New attacks show war in Yemen could escalate further
25 Jan 2022|

The Yemen conflict is now a decade old. It keeps taking on a wider dimension, with no relief in sight for the suffering Yemeni people. All peace-brokering efforts have failed to produce any tangible results, and this is likely to remain the case for as long as no regional consensus exists between Saudi Arabia and Iran, as well as between Iran and the United States.

The recent attacks by Iran-backed Houthis on Abu Dhabi that killed three people and the Saudi-led Arab coalition’s retaliatory strikes on Sanaa, Yemen’s capital, that killed scores, underline not only the intractable nature of the Yemen war but also its potential to become a regional fireball.

The conflict commenced as an internal power struggle among the multi-ethnic, tribal and sectarian Yemeni population following the ousting of dictator Ali Abdullah Saleh in the wake of the ‘Arab Spring’ or pro-democracy uprisings in the Arab world. Saleh had ruled North Yemen from 1978 until 1990 and then a united Yemen from 1990 until 2012.

However, Saleh’s toppling opened the way for the two Persian Gulf powers to intensify their sectarian and geopolitical rivalry for regional influence. The predominantly Shia Islamic Republic of Iran threw its weight behind the friendly sectarian Houthis. The Kingdom of Saudi Arabia, backed by its allies in the Gulf Cooperation Council, most importantly the United Arab Emirates (as well as the US, which has sought to eliminate al-Qaeda cells in Yemen), supported Saleh’s Sunni replacement, President Abdrabbuh Mansur Hadi. The Houthis’ success in driving Hadi out of Sanaa in 2014 posed a formidable security challenge to the new Saudi king, Salman bin Abdulaziz, who succeeded his politically nuanced half-brother, Abdullah, in January 2015.

The king’s powerful young son, Mohammad bin Salman, who rapidly emerged as the kingdom’s de facto ruler, decided to tackle Iran’s expanding influence in Saudi Arabia’s backyard (Yemen) and indeed in the region. Within less than three months of his father’s assumption of the throne, he commenced, with the UAE’s full participation, a Saudi-led Arab coalition military operation against the Houthis.

The war has devastated the Yemeni people. It has generated an unspeakable humanitarian crisis. Close to 400,000 people have so far been killed because of direct combat operations, involving relentless Saudi-led coalition air raids, and related indirect causes, such as hunger and preventable diseases. A United Nations Development Programme report released in November estimated that by the end of 2021, a good percentage of the civilians killed would have been children under the age of five. The UNDP’s administrator, Achim Steiner, said ‘we believe that the number of people who have actually died as a consequence [of the] conflict exceeds the numbers who have died in the battlefield’. More than half of Yemen’s some 30 million people have become destitute.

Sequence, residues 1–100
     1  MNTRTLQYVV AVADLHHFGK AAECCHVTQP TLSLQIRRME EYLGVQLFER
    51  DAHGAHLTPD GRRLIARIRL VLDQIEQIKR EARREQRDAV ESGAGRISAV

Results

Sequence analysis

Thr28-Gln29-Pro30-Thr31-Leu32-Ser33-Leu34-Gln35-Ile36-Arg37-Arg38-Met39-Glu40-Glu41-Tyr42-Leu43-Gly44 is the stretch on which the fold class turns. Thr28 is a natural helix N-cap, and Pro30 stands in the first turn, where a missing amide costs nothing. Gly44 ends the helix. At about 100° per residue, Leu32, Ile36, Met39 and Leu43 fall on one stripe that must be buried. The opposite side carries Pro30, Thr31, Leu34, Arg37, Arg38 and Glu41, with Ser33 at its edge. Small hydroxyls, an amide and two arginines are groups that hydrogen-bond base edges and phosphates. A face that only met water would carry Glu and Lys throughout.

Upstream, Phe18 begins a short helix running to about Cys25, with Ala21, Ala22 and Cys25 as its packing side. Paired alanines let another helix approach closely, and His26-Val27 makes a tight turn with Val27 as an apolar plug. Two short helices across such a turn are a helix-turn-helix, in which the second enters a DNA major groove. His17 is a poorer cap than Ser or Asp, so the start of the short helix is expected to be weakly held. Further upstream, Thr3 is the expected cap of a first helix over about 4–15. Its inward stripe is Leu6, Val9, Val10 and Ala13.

Upon assuming office in 2021, US President Joe Biden made a number of policy announcements in relation to the Middle East. Among them, he declared a halt to US support for the Saudi-led campaign in Yemen, which his predecessor, Donald Trump, had backed to the hilt, as well as the stopping of the sale of American offensive weapons to Saudi Arabia and the UAE. He called for an end to the Yemen war, removed the Houthis from the US list of terrorist organisations, and undertook to revive the July 2015 multilateral Iran nuclear agreement known as the Joint Comprehensive Plan of Action or JCPOA. He also committed his administration to the promotion of human rights and democratic values as a priority in the region.

However, one year on, Biden has not followed through with any of these measures, except seeking the JCPOA’s resurrection. Faced with mounting domestic problems and the strategic consideration to confront America’s adversarial powers, Russia and China, and with Middle Eastern regional complexities, he has found it expedient to pursue America’s traditional policy approach to maintain close ties with oil-rich Saudi Arabia and its Arab partners, and its strategic partnership with Israel. US arms sales have continued, as have the Saudi-led coalition’s operations in Yemen. Biden’s initial emphasis on human rights and democracy promotion has also subsided in favour of sustaining the status quo.

The only area where he has made a push is that of the JCPOA, but without any substantial progress so far. The indirect US–Iran negotiations in Vienna have become bogged down over whether Washington should first lift all the JCPOA-related sanctions on Iran or the latter should first fully comply with the agreement. A failure to reach a compromise in the next few weeks could spell the end of diplomacy, potentially opening the arena for use of force by the US or Israel, both of which have repeatedly said that they will never allow Iran to become a military nuclear power.

The Houthis’ claim of the recent attacks on Abu Dhabi has resulted in intensified Saudi-led retaliatory bombardments, including the targeting of a Houthi prison at the cost of dozens of lives. The UAE has now asked the Biden administration to reinstate classification of the Houthis as a terrorist organisation. As the situation stands, the prospects for an end to the Yemeni carnage and devastation look very bleak. Yet, for humanity’s sake, there is a need for consistency in the American approach and serious international effort to urgently move all the parties in the conflict towards a viable political settlement of the Yemeni crisis.